Saturday, September 1, 2012

untitled (oysters and tea cups)

By Patrick Sutczak

It was as if I had happened upon an accident. As if the pressure was too much the door had bowed, buckled and given way, swinging open with violent force spilling the contents from within to flow and settle on the ground resting where it may for my observation and consideration.  Had I missed the eruption, or was this glacial – instant upheaval or gradual shift? Paradoxically, I think this is one and the same. Oysters and tea cups - nature and the civilised, change and adaption.
Again, Jonathon Jones dips into his heritage in order to explore how cultural intersections have, and are continuing, to occur in Australian history through ritual feast. This time, he looks at Aboriginal winter feasts of oysters, and the introduction of tea by the British into Aboriginal communities.
With this work Jones attempts to respond to the ideas of two cultures coming together and deposit those ideas on Cockatoo Island (a place he found difficult to respond to artistically, not that it shows…). The artist has managed to continue his telling of stories in a way that is very literal (as the title suggests), yet is open for further investigation and a continuation of dialogue between cultures. The oyster shells en masse are designed to be representative of middens, which are the remains of consumed food by Aboriginal communities, commonly shells, being discarded in the same place. Scattered about seamlessly within the oyster shells, are tea cups. Jones had asked many of the artists exhibiting at the Biennale of Sydney to contribute a tea cup to the work – perhaps as another step towards recognising the multi-cultural Australian society that we know today while remaining true to his identity as a contemporary Aboriginal artist within it.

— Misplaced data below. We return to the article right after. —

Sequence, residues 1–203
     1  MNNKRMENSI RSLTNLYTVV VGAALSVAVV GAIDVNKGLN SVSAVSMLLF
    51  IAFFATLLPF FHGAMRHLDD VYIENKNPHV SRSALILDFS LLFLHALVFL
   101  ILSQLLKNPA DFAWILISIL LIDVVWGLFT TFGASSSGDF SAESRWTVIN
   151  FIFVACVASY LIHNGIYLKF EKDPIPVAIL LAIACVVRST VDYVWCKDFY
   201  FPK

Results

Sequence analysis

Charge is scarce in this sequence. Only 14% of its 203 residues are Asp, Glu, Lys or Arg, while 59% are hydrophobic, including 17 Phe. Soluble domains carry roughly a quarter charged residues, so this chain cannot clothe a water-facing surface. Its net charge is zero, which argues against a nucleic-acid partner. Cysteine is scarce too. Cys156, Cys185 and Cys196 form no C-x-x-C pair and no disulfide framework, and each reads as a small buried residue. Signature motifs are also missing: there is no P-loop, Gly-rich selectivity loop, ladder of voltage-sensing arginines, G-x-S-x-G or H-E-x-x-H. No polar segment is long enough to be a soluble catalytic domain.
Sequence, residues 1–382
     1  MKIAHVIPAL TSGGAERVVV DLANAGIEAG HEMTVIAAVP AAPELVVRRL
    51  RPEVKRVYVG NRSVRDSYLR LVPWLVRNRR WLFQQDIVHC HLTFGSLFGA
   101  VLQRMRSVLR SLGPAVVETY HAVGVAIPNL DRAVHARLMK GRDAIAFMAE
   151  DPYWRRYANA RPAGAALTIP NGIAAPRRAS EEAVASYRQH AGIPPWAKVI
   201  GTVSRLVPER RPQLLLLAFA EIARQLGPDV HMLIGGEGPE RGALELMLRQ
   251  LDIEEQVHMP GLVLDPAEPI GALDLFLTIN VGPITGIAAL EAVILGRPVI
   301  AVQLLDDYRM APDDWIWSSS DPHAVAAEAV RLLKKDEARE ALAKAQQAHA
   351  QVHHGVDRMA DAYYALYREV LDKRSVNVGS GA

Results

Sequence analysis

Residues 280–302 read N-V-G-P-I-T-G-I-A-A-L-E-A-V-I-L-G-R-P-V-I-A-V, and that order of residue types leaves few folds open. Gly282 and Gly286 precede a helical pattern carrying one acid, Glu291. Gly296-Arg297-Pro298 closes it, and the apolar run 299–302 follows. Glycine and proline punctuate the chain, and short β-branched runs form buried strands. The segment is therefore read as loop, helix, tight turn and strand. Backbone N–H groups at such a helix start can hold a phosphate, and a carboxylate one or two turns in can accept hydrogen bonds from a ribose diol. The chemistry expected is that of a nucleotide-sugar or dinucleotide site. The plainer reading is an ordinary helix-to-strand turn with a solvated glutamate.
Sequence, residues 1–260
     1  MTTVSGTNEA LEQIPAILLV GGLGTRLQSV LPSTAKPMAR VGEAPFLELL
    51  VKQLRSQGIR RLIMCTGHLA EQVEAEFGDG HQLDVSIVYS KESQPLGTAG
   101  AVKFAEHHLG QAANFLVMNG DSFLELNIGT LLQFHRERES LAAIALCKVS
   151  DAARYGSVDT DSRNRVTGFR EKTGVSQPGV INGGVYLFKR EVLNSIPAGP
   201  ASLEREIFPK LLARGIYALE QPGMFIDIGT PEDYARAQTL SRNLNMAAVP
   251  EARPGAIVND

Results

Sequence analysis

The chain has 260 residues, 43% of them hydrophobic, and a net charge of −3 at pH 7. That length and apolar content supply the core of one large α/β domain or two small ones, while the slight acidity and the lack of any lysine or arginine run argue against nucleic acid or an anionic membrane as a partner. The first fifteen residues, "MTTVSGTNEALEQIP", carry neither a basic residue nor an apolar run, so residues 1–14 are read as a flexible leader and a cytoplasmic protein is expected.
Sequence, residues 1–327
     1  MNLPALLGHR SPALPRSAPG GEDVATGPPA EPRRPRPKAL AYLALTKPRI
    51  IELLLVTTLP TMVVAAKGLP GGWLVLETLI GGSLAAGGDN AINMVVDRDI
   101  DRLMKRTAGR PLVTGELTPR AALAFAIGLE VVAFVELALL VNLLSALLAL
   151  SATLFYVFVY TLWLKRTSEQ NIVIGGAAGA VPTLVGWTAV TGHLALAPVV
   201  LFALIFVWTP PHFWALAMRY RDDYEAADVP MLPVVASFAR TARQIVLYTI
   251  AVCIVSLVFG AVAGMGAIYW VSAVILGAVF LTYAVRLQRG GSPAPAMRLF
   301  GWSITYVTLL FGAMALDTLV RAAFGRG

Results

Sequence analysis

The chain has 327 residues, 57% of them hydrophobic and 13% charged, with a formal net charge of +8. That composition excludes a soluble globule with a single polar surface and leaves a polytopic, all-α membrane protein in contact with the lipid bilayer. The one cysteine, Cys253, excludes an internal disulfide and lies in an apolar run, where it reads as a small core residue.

I really connected with this work, and what may look to be a discarded trash heap on the wharf of an industrial shipyard, to me was actually more thought provoking. In a way, I am somewhat envious of Jones’ ability to use his practice to challenge perceptions of Aboriginal art while remaining a voice to ensure traditional aspects of his culture are not lost. Unfortunately, I cannot say the same for myself. Just a few days ago I met a Serbian and after realising my surname he began speaking to me in Russian. Sadly, I stared at him blankly. He nodded apologetically, and picked up the conversation in English. My identity certainly isn’t as assured as Jonathon Jones, and I am worse for that by far.
After spending delicious time with untitled (barra) and then happening across untitled (oysters and tea cups) I felt somewhat rejuvenated spiritually and creatively. The two works, while very different in execution, shared a common idea the I felt were very successful in juxtaposing the industrial nature of the site, the organic and resourceful nature of Aboriginal culture, and the melding of those things together as a means of creative response in a changing and diverse population.
In what could have possibly been a deliberate decision, both Jones’ works are located extremely close to one of only a few places on the island to purchase food, sit down and eat. Dialogue inevitably follows. Fancy that…

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